Decentralized finance (DeFi) is one of the best gifts of blockchain technology, and it is here to stay. And, for a variety of reasons, this financial breakthrough will undoubtedly alter the way global financial services operate, as well as how people transact on a regular basis.
If you are wondering, DeFi is not fundamentally different from traditional finance (TradFi), as many are made to believe. While the biggest difference between the two is inherent in their fundamental technologies, both offer the same services.
For context, DeFi is traditional finance built on blockchain technology. This, therefore, implies that, by employing blockchain technology at its core, DeFi is able to eliminate any form of centralization (or related system) as in the case of TradFi.
In addition, by adopting blockchain at its core, DeFi applications (dApps) are automated and are able to run independently with the help of smart contracts, which technically replace the centralized system found among TradFi services or applications.
That said, you will typically come across the same financial services within the TradFi ecosystem in the DeFi ecosystem. This also means that the concept behind most dApps services is practically the same as those in the TradFi system.
Understanding DeFi Lending and Borrowing
Lending and borrowing, for example, is a popular solution in the DeFi ecosystem. While it fills the financial accessibility gap lagging in the TradFi system, it also doubles as a financial service enabler. Notably, DeFi lending platforms are assisting in the widespread adoption of blockchain and cryptocurrencies alike.
In DeFi, investors can participate on lending platforms by contributing into a loan liquidity pool as a form of investment over a period of time. Afterwards, the investors subsequently get both capital and interest via the decentralized network.
On the other hand, a borrower can take from the loan liquidity pool while agreeing to specified conditions such as providing collateral, as well as repaying the loan on or before a certain date.
Generally, the entire process of lending and borrowing in DeFi is automated, thanks to the combination of DApps, smart contracts, and collateralization, among other DeFi protocols.
In this article, we are going to list some of the best lending protocols to watch out for, but just before we get right to it, let’s quickly provide an answer to a frequently asked question: “why DeFi lending?”
Why DeFi Lending?
In addition to providing a more seamless and decentralized system to what we have in TradFi, DeFi lending further provides a lot of investment opportunities for both lenders and borrowers.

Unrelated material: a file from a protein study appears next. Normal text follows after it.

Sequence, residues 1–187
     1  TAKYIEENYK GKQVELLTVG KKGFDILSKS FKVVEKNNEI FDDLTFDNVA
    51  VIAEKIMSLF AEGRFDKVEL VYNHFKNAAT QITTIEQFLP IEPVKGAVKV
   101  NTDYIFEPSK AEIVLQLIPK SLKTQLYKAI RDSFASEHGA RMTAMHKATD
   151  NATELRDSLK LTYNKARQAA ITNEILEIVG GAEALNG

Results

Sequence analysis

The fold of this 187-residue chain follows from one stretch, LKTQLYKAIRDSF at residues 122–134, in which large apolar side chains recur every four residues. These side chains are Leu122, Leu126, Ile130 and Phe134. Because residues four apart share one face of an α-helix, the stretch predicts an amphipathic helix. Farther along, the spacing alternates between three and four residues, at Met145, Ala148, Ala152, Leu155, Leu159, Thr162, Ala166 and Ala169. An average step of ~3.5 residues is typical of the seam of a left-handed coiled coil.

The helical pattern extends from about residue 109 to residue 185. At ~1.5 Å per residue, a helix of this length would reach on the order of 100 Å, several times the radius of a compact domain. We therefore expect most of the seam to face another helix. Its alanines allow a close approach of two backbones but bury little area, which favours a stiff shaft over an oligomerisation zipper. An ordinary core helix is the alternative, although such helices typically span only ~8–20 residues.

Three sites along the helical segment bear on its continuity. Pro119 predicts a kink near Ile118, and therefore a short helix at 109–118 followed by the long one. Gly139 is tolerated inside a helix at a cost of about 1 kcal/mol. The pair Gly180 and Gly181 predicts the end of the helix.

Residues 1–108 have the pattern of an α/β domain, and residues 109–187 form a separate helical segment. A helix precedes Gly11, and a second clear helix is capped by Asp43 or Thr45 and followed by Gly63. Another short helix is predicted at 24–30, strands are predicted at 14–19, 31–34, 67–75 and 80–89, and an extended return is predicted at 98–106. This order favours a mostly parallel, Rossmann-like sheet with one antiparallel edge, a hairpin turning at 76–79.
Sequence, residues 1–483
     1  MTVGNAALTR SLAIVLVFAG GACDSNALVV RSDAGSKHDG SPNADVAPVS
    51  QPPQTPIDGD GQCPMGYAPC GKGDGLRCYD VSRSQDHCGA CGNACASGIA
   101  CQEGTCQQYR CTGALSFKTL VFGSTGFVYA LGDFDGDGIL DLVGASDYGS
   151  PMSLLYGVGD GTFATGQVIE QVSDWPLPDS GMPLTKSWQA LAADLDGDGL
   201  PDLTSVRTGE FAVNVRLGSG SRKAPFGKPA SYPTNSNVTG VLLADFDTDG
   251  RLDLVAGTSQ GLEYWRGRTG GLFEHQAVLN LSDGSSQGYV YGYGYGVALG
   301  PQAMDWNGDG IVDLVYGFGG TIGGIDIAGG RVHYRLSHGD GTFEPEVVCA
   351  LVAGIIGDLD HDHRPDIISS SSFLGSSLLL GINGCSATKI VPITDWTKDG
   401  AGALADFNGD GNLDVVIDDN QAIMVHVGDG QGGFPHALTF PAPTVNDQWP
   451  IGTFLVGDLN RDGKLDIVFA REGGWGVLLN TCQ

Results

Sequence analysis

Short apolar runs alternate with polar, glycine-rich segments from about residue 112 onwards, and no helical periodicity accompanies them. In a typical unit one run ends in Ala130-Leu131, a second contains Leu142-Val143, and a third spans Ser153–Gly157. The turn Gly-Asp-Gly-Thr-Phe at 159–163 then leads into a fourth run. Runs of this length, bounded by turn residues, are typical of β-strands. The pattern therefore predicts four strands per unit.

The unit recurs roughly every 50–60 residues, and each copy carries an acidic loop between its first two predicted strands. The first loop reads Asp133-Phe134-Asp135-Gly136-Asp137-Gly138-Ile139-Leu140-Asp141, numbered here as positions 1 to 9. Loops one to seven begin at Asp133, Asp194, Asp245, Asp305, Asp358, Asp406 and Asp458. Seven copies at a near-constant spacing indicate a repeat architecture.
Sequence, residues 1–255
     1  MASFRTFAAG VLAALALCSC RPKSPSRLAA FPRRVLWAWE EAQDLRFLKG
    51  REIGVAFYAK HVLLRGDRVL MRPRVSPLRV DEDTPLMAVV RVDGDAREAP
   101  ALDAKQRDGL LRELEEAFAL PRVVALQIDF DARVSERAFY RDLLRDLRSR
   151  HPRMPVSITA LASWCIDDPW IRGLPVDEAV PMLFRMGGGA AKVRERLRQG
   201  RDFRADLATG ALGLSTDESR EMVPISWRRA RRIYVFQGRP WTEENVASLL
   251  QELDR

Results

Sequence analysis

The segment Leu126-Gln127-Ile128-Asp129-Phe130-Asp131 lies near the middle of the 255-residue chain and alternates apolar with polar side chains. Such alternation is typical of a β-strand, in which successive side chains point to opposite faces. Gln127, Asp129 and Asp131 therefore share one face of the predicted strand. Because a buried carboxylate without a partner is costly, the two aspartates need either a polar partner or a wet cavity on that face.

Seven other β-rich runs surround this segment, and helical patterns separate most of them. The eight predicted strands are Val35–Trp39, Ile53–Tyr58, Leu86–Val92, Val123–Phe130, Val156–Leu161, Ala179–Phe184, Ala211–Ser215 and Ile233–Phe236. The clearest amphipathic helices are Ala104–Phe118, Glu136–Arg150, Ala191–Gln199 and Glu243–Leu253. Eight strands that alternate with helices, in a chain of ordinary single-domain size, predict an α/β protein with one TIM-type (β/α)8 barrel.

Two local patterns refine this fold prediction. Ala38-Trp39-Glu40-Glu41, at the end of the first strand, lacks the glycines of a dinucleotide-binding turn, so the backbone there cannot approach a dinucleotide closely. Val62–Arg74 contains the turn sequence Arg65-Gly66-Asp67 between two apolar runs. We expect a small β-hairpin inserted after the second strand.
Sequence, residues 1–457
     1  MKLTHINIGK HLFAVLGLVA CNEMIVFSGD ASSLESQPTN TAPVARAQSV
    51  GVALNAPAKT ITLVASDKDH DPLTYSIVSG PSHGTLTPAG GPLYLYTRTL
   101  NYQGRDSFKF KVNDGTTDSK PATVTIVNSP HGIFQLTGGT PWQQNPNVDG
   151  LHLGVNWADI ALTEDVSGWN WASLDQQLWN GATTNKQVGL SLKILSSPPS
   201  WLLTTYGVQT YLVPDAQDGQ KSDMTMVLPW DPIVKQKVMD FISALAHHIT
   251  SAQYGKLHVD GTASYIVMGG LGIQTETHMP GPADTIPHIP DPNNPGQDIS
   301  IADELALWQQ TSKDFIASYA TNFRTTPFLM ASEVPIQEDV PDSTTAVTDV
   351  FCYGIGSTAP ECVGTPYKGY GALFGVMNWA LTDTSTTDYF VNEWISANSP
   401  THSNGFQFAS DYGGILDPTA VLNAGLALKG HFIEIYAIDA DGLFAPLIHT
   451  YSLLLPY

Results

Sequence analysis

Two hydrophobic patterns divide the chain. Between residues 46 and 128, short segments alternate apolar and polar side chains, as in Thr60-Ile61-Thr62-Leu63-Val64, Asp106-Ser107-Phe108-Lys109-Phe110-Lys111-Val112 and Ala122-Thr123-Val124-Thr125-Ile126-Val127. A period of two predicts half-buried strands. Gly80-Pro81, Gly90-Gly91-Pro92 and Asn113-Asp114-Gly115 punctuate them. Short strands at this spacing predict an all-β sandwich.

While the benefits of DeFi lending vary depending on the platform, below are some common benefits across different platforms.
- Basic benefits: Yes! Regardless of the platform you decide to stick with, all DeFi lending platforms offer these four major attributes: permissionless, transparency, immutability, and programmability.
- Yield farming: The fundamental concept of any lending platform is yield farming, which essentially involves lending or staking out money into a liquidity pool in order to earn interest over a given period. Usually, this benefit is only available to the liquidity provider.
- Hedge funding: It is no secret that some cryptocurrencies are extremely volatile, implying that they are prone to deflation. By staking in a lending platform, investors can effectively avoid deflation. To do this, the loan platform employs a variety of strategies to provide active returns for all investments made in its liquidity pool.
- Improved loan origination speed: Unlike with TradFi, the process of lending and borrowing in the DeFi ecosystem is faster. The reason for this can be attributed to the lack of intermediaries as well as the fact that the entire process is automated with smart contracts.
- Greater consistency in lending decisions: In addition to improving processing speed, smart contracts also ensure consistency in lending decisions. On the contrary, middlemen in TradFi tend to be sentimental or biased with their decision, which ultimately makes it hard to achieve consistency in such activities as deciding who gets a loan, when, and how soon the loan is processed.
Moving on, the following are the top 10 DeFi lending platforms to watch out for in 2022. While the list is based on critical evaluation, it shouldn’t completely inform your decision. In other words, you should always do your own research before investing in any of them.
Also, it’s important to understand that some lending platforms require collateralization while others do not. As such, we will categorize the list into two; the first will consist of lending dApps that require collateralization, while the second list will consist of those without collateralization. Without further ado, let’s get to it!
DeFi Lending Platforms with Collateralization
10. Compound: Based on the Ethereum blockchain, Compound is an open-source, autonomous protocol built for developers. However, the platform also doubles as an algorithmic efficient money market for investors.
Unlike most lending platforms, Compound makes use of a different approach in its collateralization model. Specifically, the network allows the tokenization of any asset deposited in its liquidity pool. For instance, when a user deposits ETH or other acceptable crypto assets, the person receives cToken, which doubles as the network’s native asset.
This cToken, or COMP token as it is otherwise called, can subsequently be used as collateral when requesting a loan, staking, or trading in the network’s marketplace. Currently, Compound offers support for up to nine crypto assets issued on Ethereum including BAT, DAI, SAI, ETH, REP, USDC, WBTC, USDT, and ZRX.